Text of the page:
You know exercise can help you lose weight, but all that sweating and grunting at the gym turns you off. A simple device you snap to your belt loop can help you increase activity without slogging away for hours on exercise machines. Use a pedometer to track your steps and keep you accountable for reaching a certain distance every day to help you burn more calories and lose weight.
Strap the pedometer to your belt loop or waist band using a string or a provided clip.
Measure how many steps you take in a typical week. Do not try to exceed what is normal for you; you are establishing a baseline.
Add 20 percent more steps the next week. Each consecutive week, increase your distance by 20 percent over the previous week until you reach an average of 10,000 steps per day -- the number that is roughly equivalent to 30 minutes of moderate-intensity cardio exercise daily. The Centers for Disease Control and Prevention recommends this amount of exercise for good health.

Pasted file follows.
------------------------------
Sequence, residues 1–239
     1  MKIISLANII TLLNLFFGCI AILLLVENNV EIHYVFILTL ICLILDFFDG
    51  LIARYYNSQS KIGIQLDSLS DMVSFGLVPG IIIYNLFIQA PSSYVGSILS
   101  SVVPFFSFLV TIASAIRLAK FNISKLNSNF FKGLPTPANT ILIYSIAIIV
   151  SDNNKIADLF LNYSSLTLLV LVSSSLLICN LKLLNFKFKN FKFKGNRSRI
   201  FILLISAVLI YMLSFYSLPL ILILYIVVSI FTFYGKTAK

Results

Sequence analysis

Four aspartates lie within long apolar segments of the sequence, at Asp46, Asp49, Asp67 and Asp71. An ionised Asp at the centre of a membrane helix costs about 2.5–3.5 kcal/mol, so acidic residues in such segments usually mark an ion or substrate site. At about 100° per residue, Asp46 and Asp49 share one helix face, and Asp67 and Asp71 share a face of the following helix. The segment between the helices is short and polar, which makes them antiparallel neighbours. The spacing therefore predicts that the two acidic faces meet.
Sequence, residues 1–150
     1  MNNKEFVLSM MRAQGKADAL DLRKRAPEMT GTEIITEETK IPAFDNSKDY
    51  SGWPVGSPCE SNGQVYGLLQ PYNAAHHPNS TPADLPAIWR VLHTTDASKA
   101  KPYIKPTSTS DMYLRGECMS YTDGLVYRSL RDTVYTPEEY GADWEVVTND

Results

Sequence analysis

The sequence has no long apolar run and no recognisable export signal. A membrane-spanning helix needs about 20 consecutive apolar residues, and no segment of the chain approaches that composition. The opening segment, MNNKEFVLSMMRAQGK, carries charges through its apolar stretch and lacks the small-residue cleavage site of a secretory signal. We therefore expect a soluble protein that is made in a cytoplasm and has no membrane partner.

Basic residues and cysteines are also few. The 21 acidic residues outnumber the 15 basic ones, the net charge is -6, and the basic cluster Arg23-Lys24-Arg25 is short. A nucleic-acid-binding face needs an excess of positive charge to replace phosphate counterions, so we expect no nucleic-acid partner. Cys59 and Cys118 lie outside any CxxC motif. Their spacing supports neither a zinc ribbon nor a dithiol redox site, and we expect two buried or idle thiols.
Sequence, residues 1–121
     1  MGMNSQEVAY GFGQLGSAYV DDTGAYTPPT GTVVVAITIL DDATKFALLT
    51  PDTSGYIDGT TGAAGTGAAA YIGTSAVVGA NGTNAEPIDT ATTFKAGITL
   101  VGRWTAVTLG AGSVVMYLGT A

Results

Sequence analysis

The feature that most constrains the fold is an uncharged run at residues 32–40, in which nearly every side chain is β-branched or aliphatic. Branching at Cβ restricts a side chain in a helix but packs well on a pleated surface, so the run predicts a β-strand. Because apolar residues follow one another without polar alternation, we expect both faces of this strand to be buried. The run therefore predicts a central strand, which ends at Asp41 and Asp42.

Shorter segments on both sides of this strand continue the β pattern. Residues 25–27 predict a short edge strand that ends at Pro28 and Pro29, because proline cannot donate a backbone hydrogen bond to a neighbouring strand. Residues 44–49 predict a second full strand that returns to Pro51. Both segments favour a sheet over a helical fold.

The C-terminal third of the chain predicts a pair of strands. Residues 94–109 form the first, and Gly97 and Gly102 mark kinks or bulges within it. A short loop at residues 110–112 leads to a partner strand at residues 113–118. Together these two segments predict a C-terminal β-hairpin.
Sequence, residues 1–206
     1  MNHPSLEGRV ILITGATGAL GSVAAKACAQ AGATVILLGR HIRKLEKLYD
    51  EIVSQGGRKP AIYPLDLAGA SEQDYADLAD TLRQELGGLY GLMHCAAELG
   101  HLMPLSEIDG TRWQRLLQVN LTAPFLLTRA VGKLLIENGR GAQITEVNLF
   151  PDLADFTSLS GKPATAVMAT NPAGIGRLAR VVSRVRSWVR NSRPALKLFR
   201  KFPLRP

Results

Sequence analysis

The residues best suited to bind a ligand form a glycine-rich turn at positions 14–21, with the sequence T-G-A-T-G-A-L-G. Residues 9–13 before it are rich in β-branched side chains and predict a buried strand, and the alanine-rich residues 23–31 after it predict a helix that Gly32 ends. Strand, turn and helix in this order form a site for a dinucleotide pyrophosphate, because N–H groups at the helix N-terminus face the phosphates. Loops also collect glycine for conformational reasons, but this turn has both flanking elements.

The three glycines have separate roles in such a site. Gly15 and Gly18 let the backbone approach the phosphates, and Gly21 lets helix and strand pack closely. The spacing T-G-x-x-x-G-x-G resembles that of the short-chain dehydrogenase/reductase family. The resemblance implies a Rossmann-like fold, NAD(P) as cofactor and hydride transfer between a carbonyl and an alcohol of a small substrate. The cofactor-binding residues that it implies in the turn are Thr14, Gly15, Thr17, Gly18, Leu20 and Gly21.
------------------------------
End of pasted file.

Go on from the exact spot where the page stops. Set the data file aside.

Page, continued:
Maintain the 10,000-step goal for two to three weeks to make it a habit. Increase your steps gradually again, by 10 to 20 percent each week, until you reach an average of 12,000 to 15,000 per day. You need to take these extra steps to spur weight loss.
Stick with your 12,000- to 15,000-step-per-day program for four weeks or longer. A study published in the "Annals of Family Medicine" in 2008 found that programs of 16 weeks or longer led to greater weight loss.
- Walking doesn't have to consist of a planned workout. Take the stairs an extra couple of times during the day, pace while you are on the phone, canvas the mall before stopping in a store, or park further out in the lot. These steps add up and will help you achieve your goals.
- Augment your increase in walking activity with dietary changes that include portion control and lots of leafy greens, whole grains and lean proteins. Cut back on sugary, white-flour processed foods and watch your calorie intake to expedite weight loss.
- Wear walking-friendly shoes, even to work. Consider flats or supportive heels. Trying to increase your mileage in stilettos is only asking for foot injury and calf pain.
Andrea Cespedes is a professionally trained chef who has focused studies in nutrition. With more than 20 years of experience in the fitness industry, she coaches cycling and running and teaches Pilates and yoga. She is an American Council on Exercise-certified personal trainer, RYT-200 and has degrees from Princeton and Columbia University.